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Built-In Type: System.List
   

By Andrew J. Wozniewicz
Milwaukee, August 30, 2008

System.List is a built-in type representing an ordered collection of elements. It was introduced into WANTScript with version 2.0.3.

The elements of a System.List need not be all of the same type. You can easily mix and match Numbers, Strings, Booleans, and other objects, including other Lists.

A new instance of a List is created via a call to its default constructor Create:

var L := System.List.Create

Once the instance has been created, you can use its Add method to add new elements:

L.Add(1)
L.Add("Hello")
L.Add(3.1415)
L.Add(True)

The System.List module also defines a Delete method that you can use to remove a particular element from the list. The element is chosen via its zero-based index:

Delete(0)

An attempt to delete a non-existent element, for example, by passing-in an index of an element beyond the end of the list, will cause an exception to be raised.

To find out how many elements a list contains, call its Count function:

WriteLn("L.Count=",L.Count)

There are two ways of retrieving a particular element from a list. The first method is via System.List.Get(n) function, where n represents the zero-based index of the element from the list:

WriteLn( L.Get(2) )

The aternative way of accessing an element in a list is to use the customary array subscript notation:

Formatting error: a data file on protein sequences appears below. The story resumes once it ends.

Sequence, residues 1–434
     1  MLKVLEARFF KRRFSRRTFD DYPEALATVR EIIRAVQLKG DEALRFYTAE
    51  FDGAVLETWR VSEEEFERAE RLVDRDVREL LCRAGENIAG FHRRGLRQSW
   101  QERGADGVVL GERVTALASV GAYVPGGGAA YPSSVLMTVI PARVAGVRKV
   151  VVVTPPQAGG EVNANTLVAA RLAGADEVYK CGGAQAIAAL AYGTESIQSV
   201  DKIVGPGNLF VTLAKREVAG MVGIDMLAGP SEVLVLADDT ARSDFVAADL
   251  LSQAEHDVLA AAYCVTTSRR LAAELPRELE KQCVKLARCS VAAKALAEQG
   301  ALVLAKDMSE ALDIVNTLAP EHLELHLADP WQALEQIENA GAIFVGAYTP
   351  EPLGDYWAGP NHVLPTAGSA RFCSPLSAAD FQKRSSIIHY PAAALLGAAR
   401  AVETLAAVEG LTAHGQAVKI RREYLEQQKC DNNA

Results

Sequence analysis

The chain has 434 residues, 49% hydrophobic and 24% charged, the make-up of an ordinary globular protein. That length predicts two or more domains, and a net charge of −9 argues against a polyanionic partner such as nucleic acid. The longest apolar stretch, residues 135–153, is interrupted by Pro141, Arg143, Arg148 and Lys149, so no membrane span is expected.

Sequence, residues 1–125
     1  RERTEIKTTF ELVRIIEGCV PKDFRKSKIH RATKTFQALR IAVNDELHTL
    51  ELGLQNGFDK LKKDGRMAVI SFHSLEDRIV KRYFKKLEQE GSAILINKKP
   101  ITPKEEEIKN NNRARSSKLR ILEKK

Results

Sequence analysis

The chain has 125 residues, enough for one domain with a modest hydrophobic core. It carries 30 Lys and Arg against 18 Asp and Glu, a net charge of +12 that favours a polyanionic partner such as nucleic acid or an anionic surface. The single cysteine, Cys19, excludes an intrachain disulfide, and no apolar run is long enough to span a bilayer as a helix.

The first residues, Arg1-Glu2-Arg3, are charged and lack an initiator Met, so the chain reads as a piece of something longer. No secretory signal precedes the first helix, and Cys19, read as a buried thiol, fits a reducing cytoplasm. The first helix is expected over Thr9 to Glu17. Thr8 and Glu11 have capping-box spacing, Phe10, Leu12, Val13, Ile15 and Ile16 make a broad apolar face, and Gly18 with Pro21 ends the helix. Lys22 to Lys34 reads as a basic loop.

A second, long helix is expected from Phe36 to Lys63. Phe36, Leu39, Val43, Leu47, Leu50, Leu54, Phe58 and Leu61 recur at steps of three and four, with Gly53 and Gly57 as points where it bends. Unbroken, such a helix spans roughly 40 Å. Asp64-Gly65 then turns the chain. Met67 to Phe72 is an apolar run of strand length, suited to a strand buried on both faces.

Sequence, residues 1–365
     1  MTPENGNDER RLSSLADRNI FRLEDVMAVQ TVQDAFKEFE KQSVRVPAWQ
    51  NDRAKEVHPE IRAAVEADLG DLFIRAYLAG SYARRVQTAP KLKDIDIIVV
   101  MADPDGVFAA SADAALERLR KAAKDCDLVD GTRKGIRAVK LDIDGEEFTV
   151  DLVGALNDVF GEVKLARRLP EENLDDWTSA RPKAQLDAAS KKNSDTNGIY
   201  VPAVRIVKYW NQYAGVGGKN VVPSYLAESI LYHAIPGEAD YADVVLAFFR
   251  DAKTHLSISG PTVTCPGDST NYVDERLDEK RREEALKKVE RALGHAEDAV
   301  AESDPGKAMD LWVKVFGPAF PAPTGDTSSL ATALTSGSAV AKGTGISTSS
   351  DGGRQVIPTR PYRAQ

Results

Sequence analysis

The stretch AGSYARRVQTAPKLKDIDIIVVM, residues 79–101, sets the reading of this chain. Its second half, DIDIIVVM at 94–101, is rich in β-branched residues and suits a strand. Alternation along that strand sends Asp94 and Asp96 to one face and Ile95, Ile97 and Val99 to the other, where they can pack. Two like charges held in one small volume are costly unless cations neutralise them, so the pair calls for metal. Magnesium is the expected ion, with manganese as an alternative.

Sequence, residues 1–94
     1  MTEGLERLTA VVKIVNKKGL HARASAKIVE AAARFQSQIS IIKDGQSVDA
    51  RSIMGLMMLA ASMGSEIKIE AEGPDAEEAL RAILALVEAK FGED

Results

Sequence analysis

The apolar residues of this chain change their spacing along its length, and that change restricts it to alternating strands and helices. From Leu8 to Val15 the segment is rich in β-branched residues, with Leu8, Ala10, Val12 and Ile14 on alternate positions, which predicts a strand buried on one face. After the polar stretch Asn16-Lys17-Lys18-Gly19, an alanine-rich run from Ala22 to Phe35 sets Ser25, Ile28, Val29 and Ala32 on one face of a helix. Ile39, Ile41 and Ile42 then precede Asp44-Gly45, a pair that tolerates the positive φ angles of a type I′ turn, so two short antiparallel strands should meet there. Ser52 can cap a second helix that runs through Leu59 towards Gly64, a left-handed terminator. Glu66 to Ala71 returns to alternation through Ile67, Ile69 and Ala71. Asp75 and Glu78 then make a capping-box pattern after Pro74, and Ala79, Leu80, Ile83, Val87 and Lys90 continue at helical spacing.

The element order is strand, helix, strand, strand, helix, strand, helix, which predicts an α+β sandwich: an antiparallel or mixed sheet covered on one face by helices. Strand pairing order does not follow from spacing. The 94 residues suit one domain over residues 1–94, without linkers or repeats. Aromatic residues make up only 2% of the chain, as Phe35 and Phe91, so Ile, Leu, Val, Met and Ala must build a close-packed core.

WriteLn( L[2] )

These two methods of retrieving elements from a list are exactly equivalent.

Likewise, there are two equivalent ways of replacing existing elements in a list. The first method is System.List.Put(n, value), where n is the zero-based index of the element to be replaced, and value is the replacement value. For example:

L.Put(2, 12345.6789)

This puts the value of 12345.6789 into the third element of the list L. If the list L does not contain at least three elements, an exception is raised.

The alternative way of replacing list elements is, again, to use the normal array notation, as follows:

L[2] := 'Peek-A-Boo'

This places the string 'Peek-A-Boo' as the third element of the list L, if at all possible.

Lists of strings can easily be stored to, and retrieved from, disk files. To store a list's content into a disk file named mylist1.txt you can use the following code:

L.SaveToTextFile('mylist1.txt')

To load a text file into a list, use the following call:

L.LoadFromTextFile('mylist1.txt')

The file you are loading into a list via the System.List.LoadFromTextFile() call does not have to be a previously saved list. You can load any arbitrary text file using the System.List.LoadFromTextFile method. This capability provides a powerful way of processing text files, analogous to the way you would use a TStringList in Delphi/Pascal. You can load a text file into a list and then access the individual lines of the file as String-typed list elements.

Often, you need to retrieve the first element of a list. This can be done either by accessing the 0-th element of the list in one of the two methods described above (Get, or the array subscript []), or by calling the First function on a System.List object. Thus

MyElement := L.First
is equivalent to either of the two following lines:
MyElement := L[0]
MyElement := L.Get(0)

Correspondingly, there is the System.List.Last function that makes it easier to access the last element of the list:

MyElement := L.Last

This is equivalent to either one of the following statements:

MyElement := L.Get(L.Count-1)
MyElement := L[L.Count-1]

Note that both First and Last are functions returning an element value, and therefore cannot be used on the left-hand side of an assignment.

-Andrew